The Future of Work: Why HR Should Lead

High-performing organizations have something in common: Human resources helps to guide strategic decisions.

By John W. Boudreau, Ph.D., and Edward E. Lawler III, Ph.D.

Does HR really make a difference when it comes to the future of work? How involved are HR leaders when making decisions about AI or robotics using gig workers?

Our latest research indeed shows that too often, HR isn’t involved in crucial, organization-shaping choices—but it also suggests playing a bigger part in making such choices could lead to significantly better outcomes for both the HR function and the company at large. 

So now what?

For more than two decades, the Center for Effective Organizations has surveyed hundreds of global HR leaders every three years to learn what drives HR and organizational effectiveness, and to map the evolution of the HR profession.

You can read what we found in previous studies in our book, Human Resource Excellence. Our new survey once again suggests the need for strategic HR is accepted and acknowledged by HR executives, and that more progressive HR practices are positively related to more effective HR functions and often organizational performance. 

But despite this, HR remains remarkably slow to adopt effectiveness-related progressive approaches. We were particularly interested to uncover new data about whether HR is prepared for new work arrangements including robotics, AI, and gig workers, and whether that matters to HR and organization effectiveness.

Our latest survey reached 105 U.S. HR leaders, each representing one organization with over 1,000 employees. We asked, “To what extent is HR involved in decisions about using robotics or AI to get work done?” and “To what extent is HR involved in decisions about when to use ‘gig’ employees?” We defined high involvement as “great” or “very great” extent, versus low involvement as “little or no extent.”

It was troubling to find that 31 percent of HR leaders reported they are involved only to “little or no extent” when it comes to decisions about using robotics or AI to get work done. A slightly more encouraging stat: Only 12 percent of HR leaders reported little or no involvement in decisions about when to use “gig” employees.

HR’s Strategic Role, HR Effectiveness, and Organizational Performance

We examined whether highly involved HR functions are also more likely to have a strong HR strategic role, strong HR effectiveness, and high organizational performance.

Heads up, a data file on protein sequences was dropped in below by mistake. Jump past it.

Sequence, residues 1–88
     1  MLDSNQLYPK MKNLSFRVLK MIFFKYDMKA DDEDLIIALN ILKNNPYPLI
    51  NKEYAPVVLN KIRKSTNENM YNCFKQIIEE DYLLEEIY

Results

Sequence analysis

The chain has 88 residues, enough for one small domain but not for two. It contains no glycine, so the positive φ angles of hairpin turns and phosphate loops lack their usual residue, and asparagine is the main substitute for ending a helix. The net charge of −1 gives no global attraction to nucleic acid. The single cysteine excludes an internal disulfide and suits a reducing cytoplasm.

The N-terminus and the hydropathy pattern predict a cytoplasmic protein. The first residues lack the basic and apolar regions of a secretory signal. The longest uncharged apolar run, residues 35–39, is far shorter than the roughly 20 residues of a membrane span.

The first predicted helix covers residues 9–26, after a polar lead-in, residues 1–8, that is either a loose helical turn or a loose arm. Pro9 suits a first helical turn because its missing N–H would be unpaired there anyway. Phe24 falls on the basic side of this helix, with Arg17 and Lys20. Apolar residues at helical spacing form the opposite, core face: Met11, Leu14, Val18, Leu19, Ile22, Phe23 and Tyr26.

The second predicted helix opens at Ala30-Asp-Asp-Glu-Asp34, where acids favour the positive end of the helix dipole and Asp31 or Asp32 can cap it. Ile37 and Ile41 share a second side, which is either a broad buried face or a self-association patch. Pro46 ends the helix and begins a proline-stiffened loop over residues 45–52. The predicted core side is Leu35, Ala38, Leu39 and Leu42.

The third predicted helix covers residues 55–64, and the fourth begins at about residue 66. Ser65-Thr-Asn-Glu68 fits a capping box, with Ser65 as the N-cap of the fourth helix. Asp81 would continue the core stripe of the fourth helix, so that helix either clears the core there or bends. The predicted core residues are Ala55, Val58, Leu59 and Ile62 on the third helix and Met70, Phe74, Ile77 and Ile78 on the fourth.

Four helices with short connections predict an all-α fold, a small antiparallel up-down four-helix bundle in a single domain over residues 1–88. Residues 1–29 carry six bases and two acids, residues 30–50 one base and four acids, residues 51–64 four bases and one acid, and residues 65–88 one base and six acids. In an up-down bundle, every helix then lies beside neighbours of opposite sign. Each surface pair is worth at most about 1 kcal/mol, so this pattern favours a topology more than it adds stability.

We measured “HR’s role in strategy” by asking, “Which of the following best describes the relationship between the human resource function and the business strategy of your organization?”

(Response scale: 1 = “HR plays no role in business strategy”; 2 = “HR is involved in implementing the business strategy”; 3 = “HR provides input to the business strategy and helps implement it once it has been developed”; 4 = “HR is a full partner in developing and implementing the business strategy.”)

We defined a strong HR role in strategy as “providing input” or “being a full partner” in strategy. 

We measured “HR effectiveness” by asking, “How well is the HR organization meeting the needs of your company in 14 areas ranging from ‘providing HR services,’ and ‘operating HR shared service units’ to ‘being a business partner,’ ‘being an employee advocate’ and ‘creating organizational agility.’” Our HR effectiveness index is the sum of the 14 dimensions. 

We defined highly successful HR functions as achieving a total greater than 104 out of a maximum of 140. We measured organization performance by asking, “How would you rate your company’s performance relative to competitors?”

(Response scale: 1 = much below average; 2 = somewhat below average; 3 = about average; 4 = somewhat above average; 5 = much above average.) We defined high organizational performance as “somewhat” or “much above” average.)

Better Results When HR Is More Involved

The results of our data analysis are clear and important: When HR is more involved, better outcomes occur.

When HR is highly involved in decisions about using robotics or AI to get work done, HR is about twice as likely to play a strong strategic role, achieve high HR effectiveness, and report high organization performance.

Similarly, when HR is highly involved in decisions about when to use “gig” employees, HR is about 10 times as likely to play a strong strategic role and achieve high HR effectiveness, and about four times more likely to report high organization performance.

These results reflect a disturbing, but consistent pattern we’ve seen for more than 20 years: HR generally has low involvement in work and organization strategy decisions, but in the more effective and higher-performing organizations, HR is more involved. 

The future of work will require organizations and their leaders to optimize a diverse array of new work relationships and combine humans with automation. As this future emerges, effective organizations should involve HR more. There’s too much at stake not to band together.

John W. Boudreau, Ph.D., is professor emeritus of management and organization and a senior research scientist with the Center for Effective Organizations, at the Marshall School of Business, University of Southern California. He is recognized worldwide as one of the leading evidence-based visionaries on the future of work and organization, through breakthrough research on the bridge between work, superior human capital, leadership and sustainable competitive advantage. 

Edward Lawler is distinguished professor of business at the University of Southern California, Marshall School of Business. He has been honored as a major contributor to theory, research, and practice in the fields of human resources management, compensation, organizational development, and organizational effectiveness.